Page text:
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Les années 1540 : regards croisés sur les arts et les lettres

Edited By Lorenz E. Baumer, Frédéric Elsig and Sabine Frommel

Co-édité par les unités d’archéologie classique et d’histoire de l’art, en partenariat avec l’équipe d’accueil Histara de l’Ecole pratique des Hautes Etudes à Paris, le volume réunit les actes d’un colloque organisé à Genève les 11 et 12 avril 2011. Il se focalise sur l’extraordinaire vitalité des années 1540. Cette décennie de transition a vu l’émergence de phénomènes capitaux et de véritables révolutions dans l’histoire culturelle de l’Occident, dans tous les domaines : de la religion aux sciences en passant par l’architecture et les arts visuels. Son identité reste néanmoins difficile à cerner. Pour tenter d’en préciser les contours, le volume aborde les arts et les lettres sous une pluralité de perspectives, rassemblant des compétences dans différentes disciplines. Son originalité consiste précisément à articuler des approches transversales autour d’un moment crucial et d’en mesurer les conséquences à long terme. Il viendra renouveler, par ce point de vue inhabituel, les études consacrées à la Renaissance.
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The 1540s: a turning point in the development of European architecture: Howard Burns

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HOWARD BURNS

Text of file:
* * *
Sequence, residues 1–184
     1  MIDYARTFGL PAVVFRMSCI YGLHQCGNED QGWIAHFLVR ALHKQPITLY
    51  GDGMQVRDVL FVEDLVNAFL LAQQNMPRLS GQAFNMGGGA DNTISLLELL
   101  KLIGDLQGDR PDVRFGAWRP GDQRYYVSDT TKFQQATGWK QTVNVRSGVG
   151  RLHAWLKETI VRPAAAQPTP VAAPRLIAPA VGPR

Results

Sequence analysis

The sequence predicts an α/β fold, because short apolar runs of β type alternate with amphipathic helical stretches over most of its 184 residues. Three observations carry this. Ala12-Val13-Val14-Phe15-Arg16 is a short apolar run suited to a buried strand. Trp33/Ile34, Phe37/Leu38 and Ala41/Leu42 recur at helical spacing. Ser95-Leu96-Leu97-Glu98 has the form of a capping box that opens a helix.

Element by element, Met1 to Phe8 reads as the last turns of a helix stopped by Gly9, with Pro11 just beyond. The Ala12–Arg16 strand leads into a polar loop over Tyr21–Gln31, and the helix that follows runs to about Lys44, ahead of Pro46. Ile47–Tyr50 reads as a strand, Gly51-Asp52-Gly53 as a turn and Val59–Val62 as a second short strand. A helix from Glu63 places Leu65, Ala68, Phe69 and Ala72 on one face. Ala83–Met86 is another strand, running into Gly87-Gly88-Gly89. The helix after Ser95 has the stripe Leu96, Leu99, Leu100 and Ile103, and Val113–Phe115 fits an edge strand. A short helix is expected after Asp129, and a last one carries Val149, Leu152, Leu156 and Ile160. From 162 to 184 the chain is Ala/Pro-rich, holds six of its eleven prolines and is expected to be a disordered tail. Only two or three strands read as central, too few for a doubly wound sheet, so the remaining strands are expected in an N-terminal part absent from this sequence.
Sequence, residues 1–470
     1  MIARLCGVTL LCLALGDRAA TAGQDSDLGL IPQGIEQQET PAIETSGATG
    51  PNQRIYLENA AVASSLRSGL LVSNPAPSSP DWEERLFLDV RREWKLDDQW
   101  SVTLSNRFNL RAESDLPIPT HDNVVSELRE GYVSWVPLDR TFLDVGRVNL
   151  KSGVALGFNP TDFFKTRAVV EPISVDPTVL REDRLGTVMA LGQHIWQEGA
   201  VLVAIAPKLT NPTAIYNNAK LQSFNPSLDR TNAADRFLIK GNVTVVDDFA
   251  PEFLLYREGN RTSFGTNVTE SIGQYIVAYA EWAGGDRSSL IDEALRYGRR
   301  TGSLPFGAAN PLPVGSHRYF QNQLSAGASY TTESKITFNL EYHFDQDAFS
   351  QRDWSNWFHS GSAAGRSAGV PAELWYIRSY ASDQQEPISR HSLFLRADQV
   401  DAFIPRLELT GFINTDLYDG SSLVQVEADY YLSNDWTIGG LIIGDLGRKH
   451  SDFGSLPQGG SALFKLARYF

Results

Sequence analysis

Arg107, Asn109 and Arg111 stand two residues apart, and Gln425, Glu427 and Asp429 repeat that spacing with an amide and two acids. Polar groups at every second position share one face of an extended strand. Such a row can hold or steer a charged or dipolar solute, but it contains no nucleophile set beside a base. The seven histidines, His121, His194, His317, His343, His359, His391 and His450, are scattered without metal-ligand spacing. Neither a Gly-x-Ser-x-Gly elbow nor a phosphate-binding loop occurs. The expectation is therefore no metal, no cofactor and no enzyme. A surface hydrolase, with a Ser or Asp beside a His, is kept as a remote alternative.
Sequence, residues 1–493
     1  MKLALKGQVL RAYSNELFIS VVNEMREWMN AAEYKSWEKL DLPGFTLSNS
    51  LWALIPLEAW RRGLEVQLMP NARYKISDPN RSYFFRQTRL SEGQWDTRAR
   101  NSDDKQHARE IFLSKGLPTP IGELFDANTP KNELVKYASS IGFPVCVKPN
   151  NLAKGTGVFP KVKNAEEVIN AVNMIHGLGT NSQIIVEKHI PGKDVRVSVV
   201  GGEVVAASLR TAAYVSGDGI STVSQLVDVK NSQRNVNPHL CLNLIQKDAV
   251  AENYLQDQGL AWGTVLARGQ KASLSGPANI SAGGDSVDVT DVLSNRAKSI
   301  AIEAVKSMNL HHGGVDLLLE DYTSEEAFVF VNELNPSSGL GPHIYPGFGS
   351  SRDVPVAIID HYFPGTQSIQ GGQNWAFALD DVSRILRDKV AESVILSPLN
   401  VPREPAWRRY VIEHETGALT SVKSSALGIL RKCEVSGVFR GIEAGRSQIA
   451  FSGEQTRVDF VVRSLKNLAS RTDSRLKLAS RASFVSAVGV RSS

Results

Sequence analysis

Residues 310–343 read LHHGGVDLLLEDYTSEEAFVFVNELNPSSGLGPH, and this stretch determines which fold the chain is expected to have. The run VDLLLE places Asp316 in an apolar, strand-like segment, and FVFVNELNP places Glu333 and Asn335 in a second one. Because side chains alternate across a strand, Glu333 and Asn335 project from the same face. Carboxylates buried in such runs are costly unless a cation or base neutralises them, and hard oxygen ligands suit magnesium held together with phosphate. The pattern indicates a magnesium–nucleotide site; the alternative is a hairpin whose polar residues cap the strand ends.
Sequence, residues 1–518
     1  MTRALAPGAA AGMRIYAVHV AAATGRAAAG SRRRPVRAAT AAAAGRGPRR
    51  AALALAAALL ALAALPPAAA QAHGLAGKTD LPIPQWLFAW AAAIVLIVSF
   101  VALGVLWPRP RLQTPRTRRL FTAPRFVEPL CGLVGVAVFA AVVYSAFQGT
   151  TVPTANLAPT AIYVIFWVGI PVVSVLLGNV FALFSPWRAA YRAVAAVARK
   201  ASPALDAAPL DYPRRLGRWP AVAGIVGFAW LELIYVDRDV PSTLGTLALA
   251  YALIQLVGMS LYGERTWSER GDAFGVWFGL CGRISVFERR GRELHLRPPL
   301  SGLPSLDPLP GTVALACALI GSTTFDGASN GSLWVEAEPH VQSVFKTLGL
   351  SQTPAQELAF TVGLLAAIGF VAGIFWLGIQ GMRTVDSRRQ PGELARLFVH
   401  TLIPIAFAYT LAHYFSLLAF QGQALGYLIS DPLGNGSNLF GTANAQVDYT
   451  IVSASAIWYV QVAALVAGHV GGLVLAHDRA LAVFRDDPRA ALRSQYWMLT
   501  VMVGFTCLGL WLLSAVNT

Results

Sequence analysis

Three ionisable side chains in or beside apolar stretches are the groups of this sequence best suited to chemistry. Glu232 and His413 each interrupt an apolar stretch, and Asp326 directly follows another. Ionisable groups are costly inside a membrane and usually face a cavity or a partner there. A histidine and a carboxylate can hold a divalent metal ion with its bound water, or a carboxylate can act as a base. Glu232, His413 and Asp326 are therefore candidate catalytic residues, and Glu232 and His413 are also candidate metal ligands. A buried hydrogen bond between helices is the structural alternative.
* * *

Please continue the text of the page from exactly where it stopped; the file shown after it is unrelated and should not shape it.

The topic of the colloquium was well chosen: the 1540s, in European culture, and specifically in art and architecture, was a decade of great importance, of change and transition1. The fruits of earlier researches and achievements, were now publicised, codified and implemented, thanks to constant travel and networking, and greater peace security and confidence, at least in most of Italy. And perhaps above all as the result of the development of the book industry. Venice remained the most important centre for the publication of illustrated works and of literary and scholarly books of high quality, followed by Lyon, Paris, and at a certain distance, by Basel. These four centres probably accounted for at least 80 % of the total production of high quality texts. Florence, Rome, Strasbourg, Nuremberg, Antwerp, were also producing substantial numbers of fine scholarly and literary works.

New architectural books were published and old ones issued in new editions or translated from Latin into French and Italian, or from Italian into French. Vitruvius appeared in German, Serlio was translated into French but also, in 1539 into Flemish a mere two years after the first Italian ← 11 | 12 → edition2. Even in distant England, where Holbein was court painter from 1532 till his death in 1543, there appeared in 1549 William Thomas’s Historie of Italie, containing information on leading Italian cities and a lengthy description of Rome3. The decade however was not just a period of consolidation and diffusion of what the great...

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